Key Areas of Demand: The Civic Enforcement Service deals with 10,000+ requests each year as well as undertaking proactive and joint-working with partners such as Cleveland Police and Cleveland Fire Brigade. Key demand areas include town centres (predominantly Stockton Town Centre which accounts for over 20% of all calls in the Borough).
The volume of calls received into the service is relatively consistent each year, though the nature of the issues reported can vary. Aggressive begging (conducted by around 12-15 identified individuals who pursue members of the public on high streets / buses and coerce people into going to the bank to withdraw funds for them) accounts for the largest demand type, with over 16% relating to this behaviour. This is closely followed by fly-tipping, consumption of alcohol by drunk groups of adults, and other anti-social behaviour (ASB). Over 1,400 calls had been received regarding ASB in 2021 - this represented a reduction in normal levels of ASB reporting which was likely a result of the COVID-19 social restrictions.
ASB and Crime in Stockton: With 15,064 publicly-reported offences between June 2020 and May 2021 (a decrease of 8.8% on the previous year) and 7,015 recorded ASB incidents (not including COVID-19-related reporting) during the same period (a decrease of 5.3% on the previous year), Stockton-on-Tees has the lowest recorded crime and ASB rate in the Tees Valley. However, despite this, public perception and fear of crime and ASB is getting worse.
Purpose and Benefits of a PSPO: PSPOs propose to deal with a particular nuisance in a particular area that is having a detrimental effect on the quality of life for those in the local community. They can prohibit certain things or require specific things to be done, and must be proportionate to the detrimental effect that the behaviour is causing or can cause, and necessary to prevent it from continuing, occurring or recurring.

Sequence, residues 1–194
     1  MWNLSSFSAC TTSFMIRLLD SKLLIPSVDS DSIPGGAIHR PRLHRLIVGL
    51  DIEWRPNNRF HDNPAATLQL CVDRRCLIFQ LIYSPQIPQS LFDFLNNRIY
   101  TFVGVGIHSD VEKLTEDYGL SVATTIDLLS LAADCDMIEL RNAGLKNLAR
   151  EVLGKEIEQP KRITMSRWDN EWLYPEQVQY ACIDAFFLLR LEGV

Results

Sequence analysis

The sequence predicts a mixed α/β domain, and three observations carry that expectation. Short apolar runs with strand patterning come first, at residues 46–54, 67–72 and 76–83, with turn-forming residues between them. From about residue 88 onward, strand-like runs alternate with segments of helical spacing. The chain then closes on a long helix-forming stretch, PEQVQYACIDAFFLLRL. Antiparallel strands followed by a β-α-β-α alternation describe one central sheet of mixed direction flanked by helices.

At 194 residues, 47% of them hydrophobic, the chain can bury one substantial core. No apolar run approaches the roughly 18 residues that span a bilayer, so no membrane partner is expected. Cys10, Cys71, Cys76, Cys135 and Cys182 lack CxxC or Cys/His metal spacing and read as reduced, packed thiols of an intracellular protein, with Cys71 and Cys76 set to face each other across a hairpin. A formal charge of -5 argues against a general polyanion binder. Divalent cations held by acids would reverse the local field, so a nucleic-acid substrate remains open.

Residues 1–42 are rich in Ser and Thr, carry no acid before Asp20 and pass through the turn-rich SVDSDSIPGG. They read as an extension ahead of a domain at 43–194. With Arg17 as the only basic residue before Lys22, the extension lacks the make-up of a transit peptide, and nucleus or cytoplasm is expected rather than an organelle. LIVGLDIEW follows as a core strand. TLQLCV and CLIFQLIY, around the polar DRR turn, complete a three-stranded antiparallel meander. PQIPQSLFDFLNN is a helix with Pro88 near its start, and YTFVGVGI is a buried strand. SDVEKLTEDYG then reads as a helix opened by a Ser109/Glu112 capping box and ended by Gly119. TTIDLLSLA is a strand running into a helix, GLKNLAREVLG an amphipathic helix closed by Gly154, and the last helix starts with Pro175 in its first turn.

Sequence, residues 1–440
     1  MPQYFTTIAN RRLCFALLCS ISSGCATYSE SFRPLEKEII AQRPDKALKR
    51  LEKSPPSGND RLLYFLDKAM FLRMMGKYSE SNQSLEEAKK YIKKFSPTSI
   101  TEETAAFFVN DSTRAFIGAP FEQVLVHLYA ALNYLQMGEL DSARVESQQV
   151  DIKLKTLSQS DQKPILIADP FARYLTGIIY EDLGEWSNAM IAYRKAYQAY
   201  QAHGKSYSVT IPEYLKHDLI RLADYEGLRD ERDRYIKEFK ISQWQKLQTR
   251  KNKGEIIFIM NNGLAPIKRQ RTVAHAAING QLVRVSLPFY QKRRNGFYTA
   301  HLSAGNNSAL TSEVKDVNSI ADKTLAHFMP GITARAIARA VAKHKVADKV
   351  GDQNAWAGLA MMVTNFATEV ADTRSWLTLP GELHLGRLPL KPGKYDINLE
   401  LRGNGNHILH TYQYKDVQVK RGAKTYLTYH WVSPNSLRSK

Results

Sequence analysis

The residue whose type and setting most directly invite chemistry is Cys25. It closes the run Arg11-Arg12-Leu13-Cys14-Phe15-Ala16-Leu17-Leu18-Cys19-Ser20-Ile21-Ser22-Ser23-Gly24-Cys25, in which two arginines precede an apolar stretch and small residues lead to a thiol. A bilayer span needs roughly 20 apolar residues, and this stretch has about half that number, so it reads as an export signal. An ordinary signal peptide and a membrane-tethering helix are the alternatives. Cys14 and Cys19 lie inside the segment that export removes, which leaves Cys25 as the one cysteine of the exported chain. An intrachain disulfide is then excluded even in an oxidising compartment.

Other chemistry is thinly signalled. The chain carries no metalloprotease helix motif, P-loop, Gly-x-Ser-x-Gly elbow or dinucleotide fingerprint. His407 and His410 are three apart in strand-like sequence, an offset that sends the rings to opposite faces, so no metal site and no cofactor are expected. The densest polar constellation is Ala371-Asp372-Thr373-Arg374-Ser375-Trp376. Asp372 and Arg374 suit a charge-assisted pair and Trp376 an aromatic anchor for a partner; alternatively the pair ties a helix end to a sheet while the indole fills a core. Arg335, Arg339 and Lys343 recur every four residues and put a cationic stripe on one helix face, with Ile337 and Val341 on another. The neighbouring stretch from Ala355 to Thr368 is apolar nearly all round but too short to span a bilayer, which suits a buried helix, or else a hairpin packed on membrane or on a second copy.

A PSPO can provide a remedy for local community concerns that cannot be addressed by any other means, and gives the Police and Councils extra powers to solve problems within the community. When attempting to determine the potential implementation of a local PSPO, it was useful to learn from other Local Authorities who had already introduced such a measure (some, it could be argued, had Orders which were too wide and too general). The key message to recognise was that a PSPO was most effective and most robust to challenge when it was specific (i.e. tightly drafted and focused on the precise harmful behaviour identified) and proportionate.
In terms of enforcement, fixed penalties of up to £100 can be issued for breaches of a PSPO, with a fine of £1,000 and prosecution in a magistrates court being the maximum sanction (though the issue of criminalising those who are likely to be deemed vulnerable remains, something which must be balanced against wider community safety). A PSPO is in place for up to three years, but can be extended following a review - there is no maximum time limit (i.e. it can keep being extended), though there must be evidence that the Order is still required.
What can be tackled: PSPO legislation replaced Designated Public Place Orders (DPPOs), Gating Orders and Dog Control Orders. Any previous Orders in place at October 2017 automatically transitioned into PSPOs, and these remained in force up to a maximum of three years from the point of transition (i.e. until October 2020). A single Order can include multiple restrictions and requirements - it can prohibit or restrict certain activities or place requirements on individuals carrying out certain activities (i.e. dogs must be kept on leads in a designated area).
Where can a PSPO be used: A PSPO can be introduced on any public space within the Councils area of operation (the definition of public space is wide and can include any place which the public or section of the public have access to). The area included within any PSPO must be proportionate to the detriment being addressed - this means an Order could be introduced in one area but may not be suitable for others. Previously defined boundaries for a PSPO can be amended once in place via a review process.